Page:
“There is a real juxtaposition of a relationship that starts with wanting to have a child and then one that’s had the child and fallen out of love with each other and everything that goes with the breakup of a connection and relationship.

“It’s all done in a very comedic, but also heartwarming and touching way of telling the story about these people in London.”

Gill revealed that he could relate to what his character Kash is going through as he is in a similar position in his own life.

“When I read it, it was so recognisable. The character Kash is an actor, so he’s going through the same sort of thing I am going through as a young actor, the same age, same part of my life where my partner and I in real life have had those conversations about kids, how can I do that being in this industry? What does that look like? The pressures that are put upon us – it really struck a chord with me.

“It changes your life (having a child). You’re not looking after yourself anymore or your partner, it’s actually another being and you have to give away a part of yourself, your ego and whatever you have for this other being who is now your responsibility pretty much until you die.

“I am always constantly asking people in this industry about having children, because we go away to do film and TV projects, it’s never really in the same spot. That’s something that’s interesting to me, as in, how do we balance that.”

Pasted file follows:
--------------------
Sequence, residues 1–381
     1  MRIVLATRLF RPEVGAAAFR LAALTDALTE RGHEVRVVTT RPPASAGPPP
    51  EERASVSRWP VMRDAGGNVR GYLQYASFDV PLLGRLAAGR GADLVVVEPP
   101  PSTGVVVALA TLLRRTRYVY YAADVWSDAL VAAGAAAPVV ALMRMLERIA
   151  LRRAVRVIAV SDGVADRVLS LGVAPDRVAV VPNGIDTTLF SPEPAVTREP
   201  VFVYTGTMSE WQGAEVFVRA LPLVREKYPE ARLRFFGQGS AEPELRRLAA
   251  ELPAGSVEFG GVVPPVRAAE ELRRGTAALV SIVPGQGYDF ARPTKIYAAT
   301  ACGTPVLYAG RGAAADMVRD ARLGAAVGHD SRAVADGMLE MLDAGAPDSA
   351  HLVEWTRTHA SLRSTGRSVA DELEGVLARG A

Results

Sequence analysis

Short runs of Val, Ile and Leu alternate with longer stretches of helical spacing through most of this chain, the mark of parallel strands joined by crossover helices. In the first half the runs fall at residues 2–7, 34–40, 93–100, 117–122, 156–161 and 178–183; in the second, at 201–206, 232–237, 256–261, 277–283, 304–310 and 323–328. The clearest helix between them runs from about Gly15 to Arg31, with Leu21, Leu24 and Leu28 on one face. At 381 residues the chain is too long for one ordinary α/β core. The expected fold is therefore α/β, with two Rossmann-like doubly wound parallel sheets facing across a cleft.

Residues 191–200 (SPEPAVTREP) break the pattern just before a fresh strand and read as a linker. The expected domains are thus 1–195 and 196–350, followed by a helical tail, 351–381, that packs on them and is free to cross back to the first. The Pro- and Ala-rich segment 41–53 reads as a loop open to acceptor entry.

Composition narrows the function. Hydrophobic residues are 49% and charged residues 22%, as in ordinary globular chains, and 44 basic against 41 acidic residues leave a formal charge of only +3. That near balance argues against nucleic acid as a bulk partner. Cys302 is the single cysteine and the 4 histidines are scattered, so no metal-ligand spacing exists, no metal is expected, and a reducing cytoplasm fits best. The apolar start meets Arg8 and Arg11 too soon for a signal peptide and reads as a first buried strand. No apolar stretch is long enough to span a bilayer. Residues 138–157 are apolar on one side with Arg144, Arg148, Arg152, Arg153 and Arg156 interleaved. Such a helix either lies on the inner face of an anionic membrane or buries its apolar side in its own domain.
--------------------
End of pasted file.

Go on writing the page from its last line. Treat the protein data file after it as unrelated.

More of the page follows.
Gill’s roles have enabled him to share scenes with some of the finest talents in the industry such as Oscar winner Dame Judie Dench in Allelujah.

“That was my first ever film, which was quite overwhelming. You get the call sheet and it says you got a two hander (scene between two actors) and it’s you and Judy, for instance, and then it’s you and Derek Jacobi and then Jennifer Saunders, and then Russell Tovey and then David Bradley – all these legends of British acting,” he said.

Gill revealed his theatre experience came in handy dealing with the pressures of Allelujah, his first film, especially as it is based on the Alan Bennet’s play of the same name.

“It felt very much like a theatre production. There was a lot of theatre people on the film,” he said.

“Richard Eyre, the director, very much thought about process and rehearsal. I was in conversation with him for months about character. It was really nice to feel like the first film I did was actually very theatre led.”

An actor he’s eager to share screen space with is his Slow Horses co-star, Gary Oldman.

“Gary Oldman, I’ve done four seasons of the show and I’ve not met him yet, which is sad. We went to the same drama school, obviously different times, but he’s a Rose Bruford College boy as well.

“I’ve been trying to get close, sometimes when we’re on set and you can kind of go between the trailers and I am like, ‘is Gary here? Is he around?”.

Gill has done projects in the UK as well as the US. He will next be seen the mini-series Under the Bridge starring academy award nominee Lily Gladstone (Killers of the Flower Moon). Following that will be the TV series adaptation of the 1994 Tom Cruise, Brad Pitt film Interview with the Vampire.

Casting for these shows are often done virtually, meaning Gill travels to the US or Canada, where Under the Bridge was located, for filming.

“Self-taping in zoom is really what happens now. It’s very rare, but sometimes they do fly you out, but I’ve never needed to – which is good – otherwise, you make that trip all the way to LA and you don’t get the part,” he laughed.

“I’m fortunate to have British experiences – theatre, TV and film, and then, obviously, American stuff as well that shoots in Europe and all over the world.”

 The Harmony Test runs at the Hampstead Theatre from Friday (17) to June 22.